In February 2020, two NSW projects took out 1st and 2nd place in the Engineering category of the national 2020 BHP Billiton Foundation Science and Engineering Fair. At ISEF 2018, Oliver Nicholls from Barker College took out the top STEM prize for school students in the world. Oliver was awarded the Gordon E. Moore Award for USD $75,000, in recognition of his autonomous robotic window cleaner being the most outstanding and innovative project at the fair and possessing the greatest potential impact for revolutionising its’ particular field of work.
In 2019, James Casey-Brown and Lucy Lake won a 3rd place and 2nd place Engineering award respectively at the BHPFSEA competition. Lucy went on to win a 2nd Place Grand Award at ISEF 2019 in Phoenix, Arizona.
It is also interesting to note that since we commenced the Technology & Engineering category in 2012, seventeen of the thirty-four selected ISEF finalists have designed and built an innovative device or application.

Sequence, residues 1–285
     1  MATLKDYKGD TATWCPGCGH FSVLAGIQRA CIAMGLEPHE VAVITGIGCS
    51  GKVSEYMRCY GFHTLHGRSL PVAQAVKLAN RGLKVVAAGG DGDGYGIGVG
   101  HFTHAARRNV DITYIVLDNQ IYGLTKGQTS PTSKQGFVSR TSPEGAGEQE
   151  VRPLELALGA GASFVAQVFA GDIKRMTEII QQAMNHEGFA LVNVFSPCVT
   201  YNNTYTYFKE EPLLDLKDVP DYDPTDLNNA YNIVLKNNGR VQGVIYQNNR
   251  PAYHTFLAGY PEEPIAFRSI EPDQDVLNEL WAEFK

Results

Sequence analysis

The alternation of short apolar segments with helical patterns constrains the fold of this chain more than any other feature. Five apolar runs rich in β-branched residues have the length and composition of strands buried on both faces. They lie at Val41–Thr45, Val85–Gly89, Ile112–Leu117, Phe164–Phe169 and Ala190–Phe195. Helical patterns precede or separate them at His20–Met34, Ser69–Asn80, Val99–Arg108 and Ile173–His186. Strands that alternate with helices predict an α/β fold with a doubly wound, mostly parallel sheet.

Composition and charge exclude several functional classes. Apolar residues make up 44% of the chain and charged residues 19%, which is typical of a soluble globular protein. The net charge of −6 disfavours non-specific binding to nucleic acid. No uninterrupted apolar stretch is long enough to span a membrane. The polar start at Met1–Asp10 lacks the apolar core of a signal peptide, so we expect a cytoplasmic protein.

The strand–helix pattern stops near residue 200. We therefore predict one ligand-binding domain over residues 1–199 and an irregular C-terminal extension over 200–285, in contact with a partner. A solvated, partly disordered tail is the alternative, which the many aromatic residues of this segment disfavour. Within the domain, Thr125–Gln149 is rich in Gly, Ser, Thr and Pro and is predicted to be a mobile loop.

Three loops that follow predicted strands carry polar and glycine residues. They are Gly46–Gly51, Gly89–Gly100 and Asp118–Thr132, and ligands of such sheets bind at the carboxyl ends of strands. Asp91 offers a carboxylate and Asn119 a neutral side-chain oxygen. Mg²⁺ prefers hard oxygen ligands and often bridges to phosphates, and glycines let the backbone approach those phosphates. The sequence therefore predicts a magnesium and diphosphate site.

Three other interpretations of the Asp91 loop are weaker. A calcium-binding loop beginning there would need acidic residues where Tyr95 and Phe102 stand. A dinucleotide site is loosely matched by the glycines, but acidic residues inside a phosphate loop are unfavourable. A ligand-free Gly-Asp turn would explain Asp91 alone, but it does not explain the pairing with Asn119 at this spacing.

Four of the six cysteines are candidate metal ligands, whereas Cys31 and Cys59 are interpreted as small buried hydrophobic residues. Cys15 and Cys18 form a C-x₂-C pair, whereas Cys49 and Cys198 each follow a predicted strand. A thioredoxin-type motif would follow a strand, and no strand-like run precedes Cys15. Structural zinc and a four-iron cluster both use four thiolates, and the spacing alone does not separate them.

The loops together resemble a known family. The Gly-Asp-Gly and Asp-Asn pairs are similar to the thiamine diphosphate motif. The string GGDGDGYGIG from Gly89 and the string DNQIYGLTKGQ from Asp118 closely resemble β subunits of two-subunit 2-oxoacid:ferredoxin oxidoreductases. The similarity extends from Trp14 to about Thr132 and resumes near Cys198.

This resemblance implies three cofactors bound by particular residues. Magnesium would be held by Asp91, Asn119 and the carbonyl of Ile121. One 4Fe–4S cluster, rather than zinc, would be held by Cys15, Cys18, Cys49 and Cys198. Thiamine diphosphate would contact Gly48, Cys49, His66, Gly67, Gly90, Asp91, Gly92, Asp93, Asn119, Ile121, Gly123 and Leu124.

CAN YOU REMEMBER THE MYDA AWARDS?
For those who have been teaching Technology for more than 15 years, you should clearly remember the Minister’s Young Designer Awards. Organised by the then, Board of Studies NSW, the Minister’s Young Designer Awards (MYDA) was open to students in Years 7 and 8 from government and non-government schools. The aims of these awards were to encourage students to look at the world around them, to investigate products, systems and environments, and to design a successful solution in an area of interest to them. The challenge offered to Year 7 and 8 students was to develop a project that meets a clearly identified need.